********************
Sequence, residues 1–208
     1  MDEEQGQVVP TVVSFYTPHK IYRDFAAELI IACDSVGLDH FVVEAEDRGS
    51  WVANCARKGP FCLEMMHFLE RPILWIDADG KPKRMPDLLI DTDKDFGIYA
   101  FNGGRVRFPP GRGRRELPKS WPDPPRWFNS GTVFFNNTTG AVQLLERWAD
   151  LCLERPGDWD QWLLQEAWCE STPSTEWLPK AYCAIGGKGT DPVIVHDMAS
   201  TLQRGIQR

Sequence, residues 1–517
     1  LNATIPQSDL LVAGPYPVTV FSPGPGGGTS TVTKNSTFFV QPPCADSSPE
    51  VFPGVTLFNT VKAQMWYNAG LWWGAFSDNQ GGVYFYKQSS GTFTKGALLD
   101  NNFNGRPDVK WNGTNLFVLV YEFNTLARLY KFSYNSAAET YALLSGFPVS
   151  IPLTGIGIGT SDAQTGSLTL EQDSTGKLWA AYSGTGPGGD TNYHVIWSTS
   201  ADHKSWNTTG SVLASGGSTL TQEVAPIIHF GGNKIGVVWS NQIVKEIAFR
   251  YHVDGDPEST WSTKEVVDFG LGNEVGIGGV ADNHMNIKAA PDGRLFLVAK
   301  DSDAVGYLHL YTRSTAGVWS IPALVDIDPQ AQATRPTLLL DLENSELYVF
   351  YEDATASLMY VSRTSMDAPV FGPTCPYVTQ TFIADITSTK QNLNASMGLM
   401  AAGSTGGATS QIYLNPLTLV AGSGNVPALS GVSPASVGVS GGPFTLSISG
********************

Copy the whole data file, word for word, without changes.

Sequence, residues 1–208
     1  MDEEQGQVVP TVVSFYTPHK IYRDFAAELI IACDSVGLDH FVVEAEDRGS
    51  WVANCARKGP FCLEMMHFLE RPILWIDADG KPKRMPDLLI DTDKDFGIYA
   101  FNGGRVRFPP GRGRRELPKS WPDPPRWFNS GTVFFNNTTG AVQLLERWAD
   151  LCLERPGDWD QWLLQEAWCE STPSTEWLPK AYCAIGGKGT DPVIVHDMAS
   201  TLQRGIQR

Sequence, residues 1–517
     1  LNATIPQSDL LVAGPYPVTV FSPGPGGGTS TVTKNSTFFV QPPCADSSPE
    51  VFPGVTLFNT VKAQMWYNAG LWWGAFSDNQ GGVYFYKQSS GTFTKGALLD
   101  NNFNGRPDVK WNGTNLFVLV YEFNTLARLY KFSYNSAAET YALLSGFPVS
   151  IPLTGIGIGT SDAQTGSLTL EQDSTGKLWA AYSGTGPGGD TNYHVIWSTS
   201  ADHKSWNTTG SVLASGGSTL TQEVAPIIHF GGNKIGVVWS NQIVKEIAFR
   251  YHVDGDPEST WSTKEVVDFG LGNEVGIGGV ADNHMNIKAA PDGRLFLVAK
   301  DSDAVGYLHL YTRSTAGVWS IPALVDIDPQ AQATRPTLLL DLENSELYVF
   351  YEDATASLMY VSRTSMDAPV FGPTCPYVTQ TFIADITSTK QNLNASMGLM
   401  AAGSTGGATS QIYLNPLTLV AGSGNVPALS GVSPASVGVS GGPFTLSISG